Jerome Foundation AIRspace Residency
The Jerome Foundation AIRspace Residency Program offers a range of support to artists, including workspace; in-progress performances and exhibition opportunities; funds for commissioned works, along with opportunities to collaborate on projects with the broader Henry Street Settlement and Lower East Side communities. The four artists selected will receive 200 hours studio time, a commission of five thousand dollars for the creation of a new work as well as administrative support.
For more information about the AIRspace Program and application deadlines, please visit the About AIRspace page.
Image: Pascal Sonnet: Dancer: Christopher “Venxm” Brathwaite
IT’S SHOWTIME! NYC (IST) is a NYC-based dance team based in–and celebrating–NYC and its street culture. IST provides performance and professional development opportunities to street and subway dancers. Now in its fourth year of activity, IST has more than 30 members and is one of the largest street dance companies Their project, WHAT TIME IS IT? (WTIS) is a multi-disciplinary performance which uses video and street dance movement to inject the voices and choreography of underground dancers into the larger dance landscape. inviting the audience to discover NYC through the embodiment its own street culture.
Image: Laura Bluher
METTE LOULOU VON KOHL is a multimedia performer and wanderer who grapples with her past to complicate her present and conjure her future. Locating herself within a lineage of resistance, Mette Loulou explores her role in the struggle for Palestinian liberation by weaving movement, words, and video into the exploration of her embodied histories. Her project, NO ONE LIKES AN UGLY REVOLUTIONARY is a multimedia exploration of the historic figure, Leila Khaled — a resistance fighter for the Popular Front for the Liberation of Palestine. Navigating the space between reverence and fetish, Mette Loulou grapples with Khaled as an idol to shed light on her diasporic longing, uncover her internalized racism, and orientalism of her own history and culture.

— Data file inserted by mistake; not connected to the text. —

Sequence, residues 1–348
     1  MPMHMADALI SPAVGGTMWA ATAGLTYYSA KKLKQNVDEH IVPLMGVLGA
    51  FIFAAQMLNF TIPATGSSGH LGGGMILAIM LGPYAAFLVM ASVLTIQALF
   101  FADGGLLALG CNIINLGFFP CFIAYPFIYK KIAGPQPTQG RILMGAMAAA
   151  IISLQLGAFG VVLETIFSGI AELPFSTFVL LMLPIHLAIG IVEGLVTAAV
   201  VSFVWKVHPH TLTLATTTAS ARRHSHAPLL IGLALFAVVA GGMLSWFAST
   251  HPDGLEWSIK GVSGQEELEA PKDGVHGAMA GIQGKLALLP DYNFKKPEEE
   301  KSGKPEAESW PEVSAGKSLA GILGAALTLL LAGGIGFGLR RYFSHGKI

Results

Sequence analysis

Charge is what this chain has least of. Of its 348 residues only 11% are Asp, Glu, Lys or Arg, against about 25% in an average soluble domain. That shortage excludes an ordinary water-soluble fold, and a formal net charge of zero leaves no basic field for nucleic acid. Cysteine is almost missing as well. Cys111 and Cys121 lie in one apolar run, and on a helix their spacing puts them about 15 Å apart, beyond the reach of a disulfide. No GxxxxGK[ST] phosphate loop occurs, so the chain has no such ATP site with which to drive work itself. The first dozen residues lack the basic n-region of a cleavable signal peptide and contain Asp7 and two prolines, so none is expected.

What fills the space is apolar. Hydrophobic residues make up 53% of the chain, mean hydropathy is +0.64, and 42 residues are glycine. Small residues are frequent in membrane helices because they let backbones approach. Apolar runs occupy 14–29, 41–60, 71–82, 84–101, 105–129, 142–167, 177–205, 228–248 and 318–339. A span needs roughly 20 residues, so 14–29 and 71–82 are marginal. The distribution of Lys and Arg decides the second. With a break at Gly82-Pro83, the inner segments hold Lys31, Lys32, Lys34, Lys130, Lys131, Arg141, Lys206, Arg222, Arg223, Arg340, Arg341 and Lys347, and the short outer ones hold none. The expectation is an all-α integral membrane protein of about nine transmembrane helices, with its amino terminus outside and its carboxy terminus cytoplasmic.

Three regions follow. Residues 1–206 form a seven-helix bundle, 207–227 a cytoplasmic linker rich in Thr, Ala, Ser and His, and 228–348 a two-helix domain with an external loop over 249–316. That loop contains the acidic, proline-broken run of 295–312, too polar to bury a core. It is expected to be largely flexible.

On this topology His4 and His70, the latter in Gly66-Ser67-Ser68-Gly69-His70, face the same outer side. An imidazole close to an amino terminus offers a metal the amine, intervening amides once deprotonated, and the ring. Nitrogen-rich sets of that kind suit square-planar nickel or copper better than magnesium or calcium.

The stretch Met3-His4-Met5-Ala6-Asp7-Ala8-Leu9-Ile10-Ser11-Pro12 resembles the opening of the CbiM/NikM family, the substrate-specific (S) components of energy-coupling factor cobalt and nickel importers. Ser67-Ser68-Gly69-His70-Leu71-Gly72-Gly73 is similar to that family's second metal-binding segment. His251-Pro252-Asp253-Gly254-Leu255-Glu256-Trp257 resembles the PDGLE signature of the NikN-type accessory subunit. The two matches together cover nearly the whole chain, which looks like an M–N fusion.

Image: Leila Jacue for DXIX Projects
JEREMY TOUSSAINT-BAPTISTE is a New York-based artist, composer, and performer who received a Bessie Award for Outstanding Music Composition/Sound Design in 2018. He has presented visual and performance work at spaces including MoMA PS1 (NY); Performance Space New York (NY); The Brooklyn Museum (NY); The Kitchen (NY); The Studio Museum in Harlem (NY) and was a 2017 artist-in-residence at Issue Project Room. His project GET LOW (BLACK SQUARE) is a “hyperaudible” object-environment; a lightless and intensely intimate sensorium where inaudible tones are physically felt within the body, provoking feelings of pleasure, pain, or longing. The piece exists as two simultaneous events: a formal chorus and dance and a more fluid, social mode of performance.
Image: Katie Marshall
ALEXANDRA TATARSKY makes art at the unfortunate in-between zone of comedy, dance, theater, and deluded rant… sometimes with songs. Her work seeks the logic of the clown as an antidote to despair and as a model of one who keeps trying despite (repeated) failure. Alexandra’s work has been performed at venues including Brooklyn Museum; MoMA PS1; New Museum; The Kitchen; and Judson Church. Alexandra writes on spambot poetry, shanzhai lyrics, and grotesque politics for publications including New Inquiry; Hypocrite Reader; ArtReview Asia; Garlands; Spike; and Folder. Their project, SAD BOYS IN HARPY LAND, offers a savagely humorous feminist revisiting of Dante’s Inferno where harpies peck at bleeding trees, their branches breaking and their thoughts disordered. It will explore what we can learn from the dark woods of despairs, in contrast to a moralizing, medicalizing discourse on depression.
Abrons Arts Center’s AIRspace Residency for Performing Artists is made possible with funds from The Jerome Foundation and NYC’s Department of Cultural Affairs. The PATHS program is possible thanks to the generous support from the Stavros Niarchos Foundation and the PATHS AIRSpace Resiency Program is made possible by The Radunski Family Fund.